Gburg’s Spiegel calls for highway funds restoration

  • Published in Local

gaithersburg buildingGAITHERSBURG — At Monday night’s meeting of Gaithersburg’s Mayor and City Council, Council Vice President Ryan Spiegel identified what he called the top priority for Gaithersburg and all other Maryland municipalities in the current legislative session. Spiegel, who also serves as statewide chair of the legislative committee of the Maryland Municipal League, noted that under a formula set by state law, cities and towns throughout Maryland are entitled to receive funding for roadway restoration and maintenance,

“Unfortunately, that formula was eviscerated by the State of Maryland back in 2009 during the Great Recession,” Spiegel said. “Ever since them, cities and towns have been working to get the state to restore that formula to its rightful equation, because without it, cities and towns are being deprived of the money they need to maintain our roads and other transportation infrastructure.”

Spiegel said that the MML sought public involvement in helping to convince state legislators to restore this funding, known as highway user revenues, or HURs, which is largely funded by state gasoline taxes.


Controversial state song may finally change

  • Published in State

Flag of MarylandMaryland’s controversial state song – “Maryland, My Maryland” – could soon go the way of eight-track tapes and cassettes if a number of state legislators get their way.

The Civil War-era battle hymn, which makes reference to “Northern scum,” takes its lyrics from a poem written in the early days of the conflict by James Ryder Randall, and with verses like “Thou wilt not cower in the dust, Maryland! Thy beaming sword shall never rust,” gained popularity with Confederate troops before being adopted as the official state song.

One proposal for changing the song is SB0790, sponsored by State Sen. Cheryl Kagan (D) of District 17. Kagan has been pushing to change the state song since 2016, and introduced her bill to “repeal and replace” the current song, which she called “embarrassing and dated and racist,” last week.


2018 Maryland Legislative Preview

  • Published in State

Sen. Craig Zucker (D14)

D14 Craig ZuckerSen. Craig Zucker COURTESY PHOTOZucker said he is wary of potential federal cuts that could impact the state -- including cuts to programs for keeping the Chesapeake Bay clean. The General Assembly should be aware of such cuts during the budget process, Zucker said, adding that the Trump administration has created new expectations for the state.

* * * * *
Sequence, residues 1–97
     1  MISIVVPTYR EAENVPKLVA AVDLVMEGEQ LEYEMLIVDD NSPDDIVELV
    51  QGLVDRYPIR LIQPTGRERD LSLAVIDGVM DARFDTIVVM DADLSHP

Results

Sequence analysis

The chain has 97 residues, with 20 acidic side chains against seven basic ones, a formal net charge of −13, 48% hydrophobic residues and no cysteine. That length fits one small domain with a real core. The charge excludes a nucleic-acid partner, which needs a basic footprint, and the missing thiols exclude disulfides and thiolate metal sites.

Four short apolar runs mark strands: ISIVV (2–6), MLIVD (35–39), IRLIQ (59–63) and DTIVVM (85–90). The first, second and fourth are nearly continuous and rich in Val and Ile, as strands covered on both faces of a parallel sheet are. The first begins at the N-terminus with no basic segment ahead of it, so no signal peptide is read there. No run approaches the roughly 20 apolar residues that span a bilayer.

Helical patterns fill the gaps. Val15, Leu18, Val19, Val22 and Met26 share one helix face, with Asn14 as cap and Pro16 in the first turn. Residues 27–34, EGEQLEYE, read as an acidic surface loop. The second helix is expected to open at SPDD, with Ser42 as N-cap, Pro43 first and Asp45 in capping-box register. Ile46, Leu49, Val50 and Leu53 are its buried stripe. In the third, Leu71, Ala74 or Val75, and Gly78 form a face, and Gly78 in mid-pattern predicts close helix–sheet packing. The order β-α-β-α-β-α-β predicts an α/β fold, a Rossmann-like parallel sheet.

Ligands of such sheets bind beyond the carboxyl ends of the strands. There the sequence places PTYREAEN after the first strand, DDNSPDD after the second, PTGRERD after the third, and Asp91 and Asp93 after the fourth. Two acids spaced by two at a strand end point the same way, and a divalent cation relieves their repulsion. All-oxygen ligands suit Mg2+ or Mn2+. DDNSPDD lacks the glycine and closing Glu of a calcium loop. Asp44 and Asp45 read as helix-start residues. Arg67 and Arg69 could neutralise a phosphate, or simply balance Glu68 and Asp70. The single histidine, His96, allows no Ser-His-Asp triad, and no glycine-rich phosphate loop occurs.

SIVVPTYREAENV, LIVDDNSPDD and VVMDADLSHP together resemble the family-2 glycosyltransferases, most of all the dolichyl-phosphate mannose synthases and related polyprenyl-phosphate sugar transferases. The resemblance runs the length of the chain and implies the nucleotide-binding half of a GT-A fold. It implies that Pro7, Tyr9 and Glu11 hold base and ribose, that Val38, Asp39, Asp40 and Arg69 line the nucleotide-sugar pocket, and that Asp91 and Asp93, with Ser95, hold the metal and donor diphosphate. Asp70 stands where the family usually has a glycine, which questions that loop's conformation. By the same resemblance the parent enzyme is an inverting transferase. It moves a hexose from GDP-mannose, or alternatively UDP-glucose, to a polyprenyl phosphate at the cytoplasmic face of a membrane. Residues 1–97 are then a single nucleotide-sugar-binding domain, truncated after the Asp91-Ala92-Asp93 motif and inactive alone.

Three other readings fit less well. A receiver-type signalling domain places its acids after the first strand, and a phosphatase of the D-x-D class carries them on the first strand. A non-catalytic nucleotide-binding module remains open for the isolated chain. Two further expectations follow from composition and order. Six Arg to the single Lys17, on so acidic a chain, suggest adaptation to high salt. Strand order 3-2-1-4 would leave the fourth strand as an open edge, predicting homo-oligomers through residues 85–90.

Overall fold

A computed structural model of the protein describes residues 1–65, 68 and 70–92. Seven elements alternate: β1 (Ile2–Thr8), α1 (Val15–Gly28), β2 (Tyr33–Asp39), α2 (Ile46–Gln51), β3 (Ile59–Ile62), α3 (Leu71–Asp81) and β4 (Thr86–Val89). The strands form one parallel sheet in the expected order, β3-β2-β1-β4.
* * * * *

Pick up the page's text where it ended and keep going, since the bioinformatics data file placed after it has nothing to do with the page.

“We have to be proactive in our budgeting,” Zucker said.

In addition to funding for the Chesapeake Bay, Zucker emphasized that state funding for Montgomery County Public Schools is as key an issue for the County's delegation to Annapolis as it is for local elected leaders.

“I think it's important to make sure to meet our commitment on our education spending and on the capital side to make sure we are investing in our school construction,” he said.

Zucker said he plans to introduce a bill that would reverse a state law about serving alcohol to people with developmental disabilities. Currently in Maryland bars and restaurants can deny serving alcohol to of age adults with developmental disabilities. Zucker said his bill would make that illegal.

“That is not fair; it’s an equity thing,” he said.


Hogan moves Taney statue from outside statehouse

  • Published in State

Taney statueLast week, Gov. Larry Hogan decided to remove the statue that stands outside the Maryland State House in Annapolis of Roger B. Taney, the U.S. Supreme Court chief justice infamous for the majority opinion he wrote in the Dred Scott decision.

“While we cannot hide from our history – nor should we – the time has come to make clear the difference between properly acknowledging our past and glorifying the darkest chapters of our history,” Hogan said in a statement. “With that in mind, I believe removing the Justice Roger B. Taney statue from the State House grounds is the right thing to do, and we will ask the State House Trust to take that action immediately."


Cellphone simulators detailed in Annapolis

  • Published in State


ANNAPOLIS -- During a first-of-its-kind public hearing, law enforcement officials detailed how cell site simulators are used as they addressed arguments from privacy proponents about the technology’s infringing on privacy rights.


Confederate plate ban proposed

  • Published in State

Kumar-BarveState Del. Kumar Barve

ANNAPOLIS – State Del. Kumar Barve's (D-17) bill to ban the display of the Confederate battle flag on license plates passed the House of Delegates by a vote 131-8 last week.

The bill next moves on the state Senate.


Material facts and the need for disclosure

house genericProperty disclosure laws are mostly straightforward about making known the physical condition of a home that’s for sale. However, whether or not to disclose other material facts, that may include events that occurred in and around the home, is not always clear. Material facts about a home are often described as information that may sway a home buyer’s decision about the purchase or purchase price. Some of the more familiar material fact cases that are typically reported in the news include haunted homes and unruly neighbors. Yet, these two recent accounts have again raised the question and debate about what the seller and the real estate agent is obligated to disclose.


Walter Johnson grad gets head coach job at Washington College

  • Published in Sports

Bethesda native Aaron Goodman has been named the head men’s basketball coach at basketballhoops.

The NCAA Division III college is located on Maryland’s Eastern Shore.

Goodman has spent the past nine seasons as an assistant at the Naval Academy in Annapolis.

“We are excited to welcome Coach Goodman to our team,” said Washington College Director of Athletics Dr. Bryan Matthews. “His experience at the Naval Academy has prepared him well for success in recruiting top academic student-athletes and leading young men in their athletic pursuits. We look forward to the resurgence of Washington College men’s basketball under his leadership.”

During his stint at the Naval Academy, Goodman coached one All-American, 11 All-Patriot League, and seven Patriot League All-Academic student-athletes.

“I would like to thank Dr. Matthews, the search committee, and all of the terrific people I met through the search process for giving me this incredible opportunity,” said Goodman, a Walter Johnson High School graduate. “I have been working hard towards becoming a head coach and am honored and fortunate to have been chosen to lead the Washington College men’s basketball program.”

Goodman, a former head junior varsity and assistant varsity boys basketball coach at Sandy Springs Friends School in Olney, will become the Shoremen’s 14th all-time head coach as the program enters its 104th season during the 2015-16 campaign.